The Big Bull is based on the story of a controversial stockbroker, Harshad Mehta, who within five years time became from a nobody to a billionaire. It is not a success story that deserves glorification, so how do you work around a story with so many shades of grey? “You are portraying the character that has been written. You are not trying to crucify somebody, but you are not trying to glorify them either. You have to be as realistic as possible to your material,” he says.
Abhishek states that his artistic integrity is of paramount importance to him and they have taken a lot of pains to ensure that the character is not whitewashed. “When you’re making a film for an audience, there is a certain moral responsibility that have. I am an artiste, I am an actor, and my artistic integrity is of paramount importance to me. Now that’s when the balancing act starts, and I felt the most efficient way to do it is to be truthful. When I say truthful, I mean be truthful to what actually happened, don’t try to colour it through a particular lens,” he says.
“Every human beings have flaws. When I was discussing the film with Kookie, I had said that if you’re going to whitewash somebody then I am not up for it, because that makes a character very unidimensional, and that’s not what I am interested in doing. Today’s audience’s taste has also changed and evolved, from my understanding, they want to see the protagonist be more human, they want to see his flaws, they want to see grey characters,” Abhishek explains.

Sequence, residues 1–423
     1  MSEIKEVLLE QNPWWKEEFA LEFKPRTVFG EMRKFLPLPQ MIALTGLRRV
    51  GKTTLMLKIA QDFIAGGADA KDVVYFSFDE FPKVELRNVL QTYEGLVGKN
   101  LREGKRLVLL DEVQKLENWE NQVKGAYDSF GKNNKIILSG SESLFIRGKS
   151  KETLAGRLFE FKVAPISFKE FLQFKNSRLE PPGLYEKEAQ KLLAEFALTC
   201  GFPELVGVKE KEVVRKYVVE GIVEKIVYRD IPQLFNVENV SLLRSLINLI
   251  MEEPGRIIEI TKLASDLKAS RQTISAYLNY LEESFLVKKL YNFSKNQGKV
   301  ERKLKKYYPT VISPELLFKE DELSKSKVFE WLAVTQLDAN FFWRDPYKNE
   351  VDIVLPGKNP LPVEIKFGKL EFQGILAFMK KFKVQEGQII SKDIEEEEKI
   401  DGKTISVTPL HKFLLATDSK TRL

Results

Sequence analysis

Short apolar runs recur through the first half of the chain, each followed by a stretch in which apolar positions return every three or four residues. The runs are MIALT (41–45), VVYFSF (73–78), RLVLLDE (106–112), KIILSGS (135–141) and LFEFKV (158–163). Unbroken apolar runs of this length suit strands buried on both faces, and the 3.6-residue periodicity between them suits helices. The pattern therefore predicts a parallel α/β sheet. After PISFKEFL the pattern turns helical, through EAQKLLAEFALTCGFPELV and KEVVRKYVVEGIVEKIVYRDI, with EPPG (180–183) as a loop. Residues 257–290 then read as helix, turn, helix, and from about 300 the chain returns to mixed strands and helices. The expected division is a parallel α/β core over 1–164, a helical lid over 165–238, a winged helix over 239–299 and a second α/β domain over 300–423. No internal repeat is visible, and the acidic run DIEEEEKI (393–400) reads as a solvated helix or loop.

Calling off the morally superior heroes of the past, Abhishek maintains, “The morally superior hero is getting less and less importance and screen-time in our films today, because the audience wants to maybe see what they can relate to. When you make the protagonist a flawed character, you make the character more tactile to the audience, and that makes it very exciting for actors.”
In his career spanning 21 years, Abhishek has done some memorable films with a grey protagonist. About bringing these “humane” characters to life on-screen, he says, “I have been doing this for a long time now. The first time when I played a flawed character but people still went on to like him was when I did Yuva in 2004, where I played a character called Lallan Singh. He is actually not a pleasant person, but through that unpleasantness, you realise that it is the circumstances that are making him flawed. I have always been drawn to characters that have flaws. Because I genuinely believe that if through those flaws you can still emerge and find a place in the hearts of the audience then I truly believe you’ve done something special.”
Talking about The Big Bull, he adds, “So, in our film, we wanted to show the journey of a man from a chawl to the most expensive apartment in India, a journey of a man who is in a lowly job, and goes on to become India’s first billionaire within the span of three to five years. We wanted to show this journey, but make sure that we’ll be showing his pitfalls along the way. There were going to be trapping, there were going to be times when he gets carried away by his success. There was going to be an element of megalomania creeping into him because anybody who has achieved so much in that small a period will go on power trip. So let’s show that because that’s what is going to make him more human.”